Exasperating Weather Could Make This Winter’s First Gas Draw A Non-Event
According to popular winter lore, the higher the squirrel builds its nest before Christmas, the colder it’ll be. Weatherman John Belski says he spotted squirrels nests at record heights in Louisville, Kentucky early this month, suggesting frigid days ahead. How natural gas bulls would wish he was right.
From early forecasts of super cold in the East Coast and other U.S. regions that use gas as the primary heating fuel, readings now show moderate chill at best — significantly diminishing the fortunes of those who bet big bucks on gas prices going stratospheric in their first major pre-winter breakout.
Gas did rally beyond the expectations of many over the past month. But it did not stay higher, and we can blame the weather for that.
More Than A Third Of Early Winter Rally Wiped Out
Natural Gas 300-Min Chart – Powered by TradingView
At Wednesday’s settlement, the for gas on the New York Mercantile Exchange’s Henry Hub settled at $2.56 per million metric British thermal units. That was a staggering 35 cent drop from the eight-and-a-half month highs of $2.91 per mmBtu hit on Nov. 5.
In just two weeks, bulls in the market have had to give back more than a third of the 21% bounty they had built between the closing week of October and the first week of this month.
And there could be more pain for traders staying long, say those parsing both the latest winter readings and technical price charts.
Scott Shelton, energy futures broker at ICAP in Durham, North Carolina, says he’s surprised December gas was still holding the $2.50 support.
Support At $2.50 Intact, But Eventual Price Looks LIke $2.30
“I thought $2.50 was the first level to get to. I still think that the spreads are going to weaken in 2020 with Q1 possibly flat to summer, which suggests that the eventual price is closer to $2.30.”
Dan Myers, analyst at Houston-based gas risk consultancy Gelber & Associates, notes that gas for both April and May 2020 are already trading below $2.30 on expectations that the current oversupply in the fuel will push into next year.
But like in the case of the December contract, the market is still hesitant to completely discount the remaining winter months through March, says Myers.
However, that doesn’t mean it is poised for another major rally either, he says.
Oversupply Isn’t Helping
“Given the oversupply in the market at normal temps, a moderately cold to normal period isn’t enough to sustain elevated prices.”
Betting on something as fickle as the weather is never an easy thing, but that’s what the heating-and-chilling game of gas is all about.
Traders surprised by the turn in the temperature over the past two weeks would probably wish the squirrels in Kentucky had been as accurate as the monkeys that beat Wall Street traders by picking the right stocks. Considering how the stock market has performed all year, the human cousins of those primates can be considered a lot luckier, but that’s another story altogether.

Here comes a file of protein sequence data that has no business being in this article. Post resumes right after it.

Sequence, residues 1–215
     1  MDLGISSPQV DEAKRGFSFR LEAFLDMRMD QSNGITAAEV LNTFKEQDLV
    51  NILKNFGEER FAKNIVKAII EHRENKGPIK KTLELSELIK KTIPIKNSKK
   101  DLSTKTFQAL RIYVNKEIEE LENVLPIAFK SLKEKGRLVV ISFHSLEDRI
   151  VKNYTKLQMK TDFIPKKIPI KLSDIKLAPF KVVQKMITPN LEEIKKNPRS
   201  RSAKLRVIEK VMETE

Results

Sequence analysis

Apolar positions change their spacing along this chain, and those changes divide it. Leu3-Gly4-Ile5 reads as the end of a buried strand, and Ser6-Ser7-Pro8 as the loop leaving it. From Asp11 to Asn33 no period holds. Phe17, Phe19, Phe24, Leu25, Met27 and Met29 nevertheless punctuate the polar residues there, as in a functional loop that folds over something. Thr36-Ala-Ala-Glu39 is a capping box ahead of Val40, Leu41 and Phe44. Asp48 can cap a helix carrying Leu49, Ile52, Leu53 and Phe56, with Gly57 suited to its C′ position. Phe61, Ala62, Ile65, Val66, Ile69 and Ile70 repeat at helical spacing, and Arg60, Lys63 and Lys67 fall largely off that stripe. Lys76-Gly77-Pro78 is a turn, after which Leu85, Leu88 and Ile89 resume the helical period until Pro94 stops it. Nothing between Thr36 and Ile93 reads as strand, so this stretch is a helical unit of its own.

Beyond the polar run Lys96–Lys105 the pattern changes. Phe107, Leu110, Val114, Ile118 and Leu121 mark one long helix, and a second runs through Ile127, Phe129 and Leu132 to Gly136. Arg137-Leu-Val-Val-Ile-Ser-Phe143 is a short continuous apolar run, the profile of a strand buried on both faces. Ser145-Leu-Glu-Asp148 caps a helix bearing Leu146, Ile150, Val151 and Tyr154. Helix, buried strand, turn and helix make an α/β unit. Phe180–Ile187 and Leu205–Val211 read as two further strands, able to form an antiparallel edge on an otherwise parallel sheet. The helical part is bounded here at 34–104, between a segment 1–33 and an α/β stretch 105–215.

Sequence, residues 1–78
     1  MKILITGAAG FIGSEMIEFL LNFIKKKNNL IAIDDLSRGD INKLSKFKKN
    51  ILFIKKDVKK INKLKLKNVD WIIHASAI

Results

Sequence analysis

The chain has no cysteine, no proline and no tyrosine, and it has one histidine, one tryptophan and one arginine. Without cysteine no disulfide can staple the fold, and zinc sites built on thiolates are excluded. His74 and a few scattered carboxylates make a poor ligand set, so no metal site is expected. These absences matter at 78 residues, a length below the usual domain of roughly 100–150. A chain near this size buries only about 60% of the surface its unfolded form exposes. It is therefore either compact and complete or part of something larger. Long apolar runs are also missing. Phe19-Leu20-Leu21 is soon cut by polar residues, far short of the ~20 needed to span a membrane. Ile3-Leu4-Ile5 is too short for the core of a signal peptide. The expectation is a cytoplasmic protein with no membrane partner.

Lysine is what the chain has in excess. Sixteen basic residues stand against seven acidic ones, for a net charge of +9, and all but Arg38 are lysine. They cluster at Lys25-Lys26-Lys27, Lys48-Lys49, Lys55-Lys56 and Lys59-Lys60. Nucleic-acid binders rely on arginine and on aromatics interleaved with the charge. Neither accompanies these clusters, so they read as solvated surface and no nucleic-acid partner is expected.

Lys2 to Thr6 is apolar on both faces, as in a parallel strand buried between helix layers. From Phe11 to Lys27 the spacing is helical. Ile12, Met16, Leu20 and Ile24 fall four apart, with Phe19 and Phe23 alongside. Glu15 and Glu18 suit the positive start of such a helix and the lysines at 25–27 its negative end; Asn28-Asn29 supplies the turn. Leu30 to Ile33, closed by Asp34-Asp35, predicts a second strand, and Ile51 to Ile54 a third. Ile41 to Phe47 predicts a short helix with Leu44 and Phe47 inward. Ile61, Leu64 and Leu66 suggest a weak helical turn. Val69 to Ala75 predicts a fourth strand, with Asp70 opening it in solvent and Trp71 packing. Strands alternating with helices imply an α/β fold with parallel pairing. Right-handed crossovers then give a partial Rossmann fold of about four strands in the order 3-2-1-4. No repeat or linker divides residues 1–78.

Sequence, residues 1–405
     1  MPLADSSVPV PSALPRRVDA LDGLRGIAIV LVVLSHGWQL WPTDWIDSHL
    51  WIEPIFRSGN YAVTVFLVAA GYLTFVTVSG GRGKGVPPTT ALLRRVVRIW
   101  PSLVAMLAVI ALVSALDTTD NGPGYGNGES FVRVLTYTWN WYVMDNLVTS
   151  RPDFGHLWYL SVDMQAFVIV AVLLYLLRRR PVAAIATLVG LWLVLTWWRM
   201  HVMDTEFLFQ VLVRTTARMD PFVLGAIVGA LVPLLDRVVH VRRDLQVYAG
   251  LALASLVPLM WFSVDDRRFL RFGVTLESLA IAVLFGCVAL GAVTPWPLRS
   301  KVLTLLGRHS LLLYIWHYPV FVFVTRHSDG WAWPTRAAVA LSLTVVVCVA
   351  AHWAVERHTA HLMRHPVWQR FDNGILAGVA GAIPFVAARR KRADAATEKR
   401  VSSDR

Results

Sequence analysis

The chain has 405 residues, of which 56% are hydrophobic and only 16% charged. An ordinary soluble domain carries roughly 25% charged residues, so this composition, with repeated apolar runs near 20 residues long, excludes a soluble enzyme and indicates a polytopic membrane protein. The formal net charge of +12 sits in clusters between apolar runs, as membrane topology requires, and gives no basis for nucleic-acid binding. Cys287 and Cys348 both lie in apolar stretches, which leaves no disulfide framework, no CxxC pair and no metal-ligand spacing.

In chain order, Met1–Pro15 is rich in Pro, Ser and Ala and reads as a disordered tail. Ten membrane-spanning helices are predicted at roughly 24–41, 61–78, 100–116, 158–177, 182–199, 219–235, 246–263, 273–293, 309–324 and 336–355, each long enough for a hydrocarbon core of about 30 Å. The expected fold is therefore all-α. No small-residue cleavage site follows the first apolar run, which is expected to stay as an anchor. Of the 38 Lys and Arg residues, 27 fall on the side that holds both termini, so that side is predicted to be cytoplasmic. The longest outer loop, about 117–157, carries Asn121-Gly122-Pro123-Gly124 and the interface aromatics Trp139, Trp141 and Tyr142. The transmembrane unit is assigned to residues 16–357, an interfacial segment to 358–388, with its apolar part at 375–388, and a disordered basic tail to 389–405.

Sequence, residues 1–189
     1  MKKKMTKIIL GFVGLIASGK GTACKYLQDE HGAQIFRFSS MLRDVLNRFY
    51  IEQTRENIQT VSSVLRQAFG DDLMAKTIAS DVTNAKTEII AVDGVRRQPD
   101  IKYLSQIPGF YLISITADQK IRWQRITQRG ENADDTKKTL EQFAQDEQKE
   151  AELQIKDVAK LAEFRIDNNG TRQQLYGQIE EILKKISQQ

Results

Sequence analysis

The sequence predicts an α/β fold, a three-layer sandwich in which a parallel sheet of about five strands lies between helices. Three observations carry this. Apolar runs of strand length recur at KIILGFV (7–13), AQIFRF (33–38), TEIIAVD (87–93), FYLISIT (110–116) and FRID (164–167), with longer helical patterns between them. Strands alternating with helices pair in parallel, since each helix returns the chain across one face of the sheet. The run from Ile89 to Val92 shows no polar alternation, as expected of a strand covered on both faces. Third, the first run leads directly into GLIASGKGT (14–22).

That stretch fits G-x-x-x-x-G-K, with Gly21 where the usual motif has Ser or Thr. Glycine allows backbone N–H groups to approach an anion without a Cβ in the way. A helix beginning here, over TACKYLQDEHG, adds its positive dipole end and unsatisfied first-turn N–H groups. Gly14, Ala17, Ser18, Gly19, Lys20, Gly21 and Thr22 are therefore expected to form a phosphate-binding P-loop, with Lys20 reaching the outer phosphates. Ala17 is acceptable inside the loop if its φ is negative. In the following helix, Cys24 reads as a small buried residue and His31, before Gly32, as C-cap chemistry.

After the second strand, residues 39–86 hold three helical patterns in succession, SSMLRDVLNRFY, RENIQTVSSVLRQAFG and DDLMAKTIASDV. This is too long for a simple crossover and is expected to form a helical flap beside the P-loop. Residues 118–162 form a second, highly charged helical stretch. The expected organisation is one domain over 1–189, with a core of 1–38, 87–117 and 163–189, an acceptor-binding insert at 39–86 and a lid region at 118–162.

Back to the weather situation in gas, the pricing dilemma for the trade comes ahead of the first that the U.S. Energy Information Administration is expected to report today.
First Draw Of This Winter Could Be A Non-Event
A consensus of analysts polled by Investing.com shows the EIA could cite a withdrawal of 89 billion cubic feet for last week versus the previous week’s build of 3 bcf.
In the normal scheme of things, that should have been enough to please the bulls.
But not now, amid questionable demand for heating and unrelenting record highs in production week after week, says Myers.
“There is potential for last week’s demand to push an even stronger (storage) pull near triple-digits.”
“Though this won’t quite match last year’s mid-November pull, it could come in nearly three times the size of the five-year average.”
“Nevertheless, the reversal to mild weather late this month will tamp down” the market, he adds.
Dominick Chirichella, director of risk and trading at the Energy Management Institute, says temperatures will be below normal in Western United States, with a potential for significant cold anomalies, especially in the northern Rockies/Great Basin.
But above-normal readings are anticipated in the South Central/Southeast U.S. and more seasonable conditions are forecast across the North Central and Northeast, he says.
“Confidence remains low during this time period, with a bit of model disagreement and poor run-to-run continuity, even among ensembles. Additional shifts in the forecast are likely as we get closer.”